"We are in the big house."
Translation:Wir sind im großen Haus.
The way I remember it is if the direct object is declined from normal (e.g. der or das changed to dem) then the weak inflection is used and en is added to the adjective.
If the subject is stationary (dormant) then the word "in" forces dative. If it is moving toward the object (active) then "in" forces accusative.
In this example, the subject is dormant, forcing the dative case. The dative case changes das Haus to dem Haus which then requires a weak inflection for "groß".
Thus, the sentence becomes, "Wir sind in dem großen Haus" which contracts to, "Wir sind im großen Haus".
Could someone please explain how "Wir sind im den großen Haus" is incorrect? (If I incorrectly used den, I understand. But my understanding of this sentence was that an article - whether den/die/das/der/etc. - should be placed before "großen Haus".) Still scratching my head over dative and whatnot :D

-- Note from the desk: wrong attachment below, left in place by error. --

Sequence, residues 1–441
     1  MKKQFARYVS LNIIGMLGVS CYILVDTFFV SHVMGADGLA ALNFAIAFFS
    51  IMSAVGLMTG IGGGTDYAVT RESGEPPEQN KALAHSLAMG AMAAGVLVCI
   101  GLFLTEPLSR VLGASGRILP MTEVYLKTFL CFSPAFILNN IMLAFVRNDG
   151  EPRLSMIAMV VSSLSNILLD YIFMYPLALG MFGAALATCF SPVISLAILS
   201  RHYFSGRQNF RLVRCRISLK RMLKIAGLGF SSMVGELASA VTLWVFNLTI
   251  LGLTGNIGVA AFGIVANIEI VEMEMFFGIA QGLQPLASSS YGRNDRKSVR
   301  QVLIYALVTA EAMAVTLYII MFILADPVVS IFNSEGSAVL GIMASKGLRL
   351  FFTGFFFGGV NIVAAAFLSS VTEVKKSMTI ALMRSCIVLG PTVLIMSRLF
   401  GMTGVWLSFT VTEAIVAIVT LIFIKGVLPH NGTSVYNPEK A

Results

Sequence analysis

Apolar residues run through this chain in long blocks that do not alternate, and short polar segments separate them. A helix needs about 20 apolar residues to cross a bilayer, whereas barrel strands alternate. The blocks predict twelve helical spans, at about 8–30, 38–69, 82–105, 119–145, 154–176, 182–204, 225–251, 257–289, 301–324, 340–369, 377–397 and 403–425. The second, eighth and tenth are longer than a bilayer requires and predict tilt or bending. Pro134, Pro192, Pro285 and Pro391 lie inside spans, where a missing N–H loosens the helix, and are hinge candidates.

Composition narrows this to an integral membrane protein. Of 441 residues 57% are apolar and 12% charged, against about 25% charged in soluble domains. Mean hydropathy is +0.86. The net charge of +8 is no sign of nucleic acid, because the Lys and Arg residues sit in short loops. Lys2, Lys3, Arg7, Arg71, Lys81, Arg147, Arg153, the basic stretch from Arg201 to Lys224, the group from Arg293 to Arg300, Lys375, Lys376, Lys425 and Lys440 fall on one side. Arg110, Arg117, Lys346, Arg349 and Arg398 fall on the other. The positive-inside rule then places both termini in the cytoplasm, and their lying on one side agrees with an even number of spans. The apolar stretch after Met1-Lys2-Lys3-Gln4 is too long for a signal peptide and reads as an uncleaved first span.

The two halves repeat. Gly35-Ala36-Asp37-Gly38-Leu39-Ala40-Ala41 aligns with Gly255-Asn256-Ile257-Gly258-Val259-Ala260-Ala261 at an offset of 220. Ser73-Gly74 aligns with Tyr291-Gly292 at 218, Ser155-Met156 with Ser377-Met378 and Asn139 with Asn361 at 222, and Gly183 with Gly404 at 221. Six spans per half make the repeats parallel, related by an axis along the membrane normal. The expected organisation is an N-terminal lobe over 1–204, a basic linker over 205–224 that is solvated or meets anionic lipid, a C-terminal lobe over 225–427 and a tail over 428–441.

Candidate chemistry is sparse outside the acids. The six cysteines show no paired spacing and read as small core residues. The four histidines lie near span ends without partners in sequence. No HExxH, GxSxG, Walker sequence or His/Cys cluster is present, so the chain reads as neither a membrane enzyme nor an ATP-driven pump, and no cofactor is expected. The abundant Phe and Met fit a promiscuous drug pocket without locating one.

The dative does not deal with movement, accusative does. I.e. if you going into the house from the outside you would use accusative. Whereas, if you are already in the house (and staying there) the dative is required.
In this sentence "Im" is a contraction of in and dem. So in the sentence above the article does come before "großen Haus" it's just formed part of im.
( This is my understanding anyway)